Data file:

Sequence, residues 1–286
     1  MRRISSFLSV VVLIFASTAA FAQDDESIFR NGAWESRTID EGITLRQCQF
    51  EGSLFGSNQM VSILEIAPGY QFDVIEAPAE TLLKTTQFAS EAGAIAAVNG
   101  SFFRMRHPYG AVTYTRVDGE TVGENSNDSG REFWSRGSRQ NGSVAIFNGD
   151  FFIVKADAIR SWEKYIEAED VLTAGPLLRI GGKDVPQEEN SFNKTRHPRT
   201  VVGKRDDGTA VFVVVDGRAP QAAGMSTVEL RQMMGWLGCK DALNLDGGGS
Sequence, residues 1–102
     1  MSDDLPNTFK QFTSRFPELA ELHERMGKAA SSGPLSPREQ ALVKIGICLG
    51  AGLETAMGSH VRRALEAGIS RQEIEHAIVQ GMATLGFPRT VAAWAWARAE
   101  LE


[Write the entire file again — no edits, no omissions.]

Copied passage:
Sequence, residues 1–286
     1  MRRISSFLSV VVLIFASTAA FAQDDESIFR NGAWESRTID EGITLRQCQF
    51  EGSLFGSNQM VSILEIAPGY QFDVIEAPAE TLLKTTQFAS EAGAIAAVNG
   101  SFFRMRHPYG AVTYTRVDGE TVGENSNDSG REFWSRGSRQ NGSVAIFNGD
   151  FFIVKADAIR SWEKYIEAED VLTAGPLLRI GGKDVPQEEN SFNKTRHPRT
   201  VVGKRDDGTA VFVVVDGRAP QAAGMSTVEL RQMMGWLGCK DALNLDGGGS
Sequence, residues 1–102
     1  MSDDLPNTFK QFTSRFPELA ELHERMGKAA SSGPLSPREQ ALVKIGICLG
    51  AGLETAMGSH VRRALEAGIS RQEIEHAIVQ GMATLGFPRT VAAWAWARAE
   101  LE